I was recently asked to run a workshop on ‘Communicative Improvisation’ for the University of Edinburgh as part of their ‘Innovative Learning Week‘. I have led many workshops on improvisation in the past, some focussed specifically on jazz, some on pop/rock, some on free-improv or improvisation for dance, for example, but never on ‘communicative improvisation’. To be honest, I wasn’t sure of exactly what this meant or how I would approach it. Also, when I agreed to do it, the only information about the participants was that they could could be from anywhere in the whole university and that they may not even have any previous practical musical experience.
This got me thinking about improvisation from an interesting angle. It became obvious to me that when a group of people improvise together, ‘communication’ should be an inherent (if not fundamental) aspect of the experience. In order to develop an improvisation that is meaningful and fulfilling, it is important for each active participant to be both productive and receptive simultaneously. There is a responsibility not only to contribute to the group interaction but to modify one’s behaviour, input and personality based on the way in which other musicians play. One has to listen, evaluate, contextualise, surmise and react constantly, all the while, considering what interjection (if any) would be beneficial to the improvisation both in terms of the process (i.e. how it will unfold) and the product (i.e. how it will sound to an audience – imagined or otherwise). In many ways, this is not dissimilar to a conversation.
Think of a conversation taking place amongst a group of people – your participation in this is improvisatory and many of the same evaluative processes take place. Nobody wants to be perceived as the person that talks continually and doesn’t let anyone else have a say – conversely, your participation in the conversation would be negligible if you were the person that didn’t listen to what was going on or contribute. So, you wait your turn, agree with certain things, disagree with others. You encourage some people to continue what they are saying or steer certain participants away from difficult topics, for example. With this parallel in mind, I believe that by considering the improvisatory nature of many forms of communication we can encourage improvisation to be more communicative. Also, by remaining mindful of the challenges that are presented in the group improvisation setting, we can perhaps develop our communication abilities. The aesthetic implications of this are a discussion for another day…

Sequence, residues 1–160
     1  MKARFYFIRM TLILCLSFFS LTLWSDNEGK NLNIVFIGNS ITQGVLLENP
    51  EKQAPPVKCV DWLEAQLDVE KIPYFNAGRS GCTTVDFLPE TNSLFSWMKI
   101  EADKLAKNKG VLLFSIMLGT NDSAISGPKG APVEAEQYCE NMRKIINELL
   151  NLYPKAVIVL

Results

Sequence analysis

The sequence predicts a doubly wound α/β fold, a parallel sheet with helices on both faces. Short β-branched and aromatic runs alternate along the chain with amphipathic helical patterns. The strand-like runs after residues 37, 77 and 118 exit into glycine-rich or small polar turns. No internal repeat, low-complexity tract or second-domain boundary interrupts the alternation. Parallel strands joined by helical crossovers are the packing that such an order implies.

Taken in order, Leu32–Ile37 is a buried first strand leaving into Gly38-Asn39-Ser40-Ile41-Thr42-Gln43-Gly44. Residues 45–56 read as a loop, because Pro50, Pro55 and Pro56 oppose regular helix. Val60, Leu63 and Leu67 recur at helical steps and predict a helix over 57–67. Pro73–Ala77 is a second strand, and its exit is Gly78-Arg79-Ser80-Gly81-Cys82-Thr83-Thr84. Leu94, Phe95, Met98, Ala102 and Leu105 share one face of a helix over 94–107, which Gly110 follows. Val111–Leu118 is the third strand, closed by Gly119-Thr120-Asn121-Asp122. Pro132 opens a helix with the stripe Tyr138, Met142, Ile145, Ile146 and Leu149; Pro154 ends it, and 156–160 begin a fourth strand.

One of the activities I used in the workshop was to have the participants improvise to visual stimuli. The idea was that they would be inspired by the imagery and would improvise as a group to either interpret, describe or accompany the visuals. Again, this was in order to explore the communicative nature of improvisation and the success of this could be measured and evaluated in many ways. This is the subject of a lot of work that I am doing at the moment and something that I am very interested philosophically and aesthetically. However, in the context of this blog post, I would simply like to share the results with you.
The following videos were projected onto a large screen without any audio and a group of players (some of which had never played before and some were playing alien instruments) responded in a way that they considered to be appropriate to the visual stimuli. The audio was recorded and then synched to the video. I think the results are wonderful – as was the group discussion about the process!